• Michael Healey’s satire The Master Plan, produced by Crow’s Theatre, also won Best New Canadian Play, and the cast won Best Ensemble in a Play
  • Amaka Umeh also won Best Leading Performance in a Play for their performance playing two characters in Soulpepper’s Sizwe Banzi is Dead.
  • Two actors were awarded the prize for Best Supporting Performance in a Play: Jadyn Nasato, for her performance in the Studio 180 Theatre production of Four Minutes, Twelve Seconds, and Oyin Oladejo for her turn in Three Sisters, co-produced by Soulpepper and Obsidian Theatre Company.
L-R: Antoine Yared, Stephen Jackman-Torkoff, Ben Page, Qasim Khan, and Daniel MacIvor in Canadian Stage’s production of Matthew López’s The Inheritance. Photo by Dahlia Katz.
  • Crow’s Theatre’s production Bad Roads won Best International Play, and Andrew Kushnir won Best Director of a Play. The work by Ukrainian playwright Natal’ya Vorozhbit is based on real-life testimonies from witnesses to Russia’s invasion of the Donbas in 2014.
  • Leora Morris also wins Best Director of a Play for their work on Coal Mine Theatre’s production of The Sound Inside by Adam Rapp.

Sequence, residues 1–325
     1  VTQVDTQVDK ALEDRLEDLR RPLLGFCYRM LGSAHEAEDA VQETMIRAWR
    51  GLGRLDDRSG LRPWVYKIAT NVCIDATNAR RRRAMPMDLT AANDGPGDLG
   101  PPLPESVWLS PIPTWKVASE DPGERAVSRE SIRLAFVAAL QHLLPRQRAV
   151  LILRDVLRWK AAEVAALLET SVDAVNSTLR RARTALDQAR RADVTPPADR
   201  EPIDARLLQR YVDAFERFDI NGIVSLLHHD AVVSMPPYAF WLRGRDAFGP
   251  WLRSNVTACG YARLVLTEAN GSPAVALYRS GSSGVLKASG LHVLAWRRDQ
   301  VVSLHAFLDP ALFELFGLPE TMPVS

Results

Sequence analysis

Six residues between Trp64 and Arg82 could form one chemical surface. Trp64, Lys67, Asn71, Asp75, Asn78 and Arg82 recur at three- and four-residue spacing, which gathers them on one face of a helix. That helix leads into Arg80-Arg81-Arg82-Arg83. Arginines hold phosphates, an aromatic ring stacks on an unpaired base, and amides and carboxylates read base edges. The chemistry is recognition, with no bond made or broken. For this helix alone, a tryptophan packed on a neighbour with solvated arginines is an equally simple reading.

• Canadian Stage’s production of the two-part drama The Inheritance won Best Production of a Play.
  • Best Design, Play or Musical went to Nick Blais (lighting), Heidi Chan (sound), Anahita Dehbonehie (set), and Niloufar Ziaee (costumes) for their collective work on A Public Reading of an Unproduced Screenplay About the Death of Walt Disney, co-produced by Outside the March and Soulpepper Theatre Company.
  • Theatre legend Daniel MacIvor received a special citation for his work over the past season, which included a memorable performance in The Inheritance, and the revivals of his plays Monster and Here Lies Henry, both produced by Factory Theatre.
Mike Shara (front and center) and the cast of Crow’s Theatre’s The Master Plan. Photo by Dahlia Katz.
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Ken Fallin’s Broadway: Bernadette, Angela, Ethel and Patti




Gypsy turned 65 on May 21, and soon Audra mcDonald will take over the role. Let’s look at the other Mama Rose’s. Ethel Merman originated the character at the Broadway Theatre in 1959, and received a Tony nomination for her performance.

Patti LuPone last Rose, took home the 2008 Tony for her turn.

Angela Lansbury took on Rose in the 1973 London revival of Gypsy, which later transferred to Broadway in 1974. She was the first Rose to win a Tony Award for her performance.

Bernadette Peters took on Rose in the 2003 Broadway revival and received a Tony nomination for her perofrmance. At the 57th annual Tony Awards, she sang “Rose’s Turn.”

Bette Midler played Mama in the 1993 television adaptation of Gypsy and Barbra Streisand played the role on the big screen.

Looking forward to the next incarnation.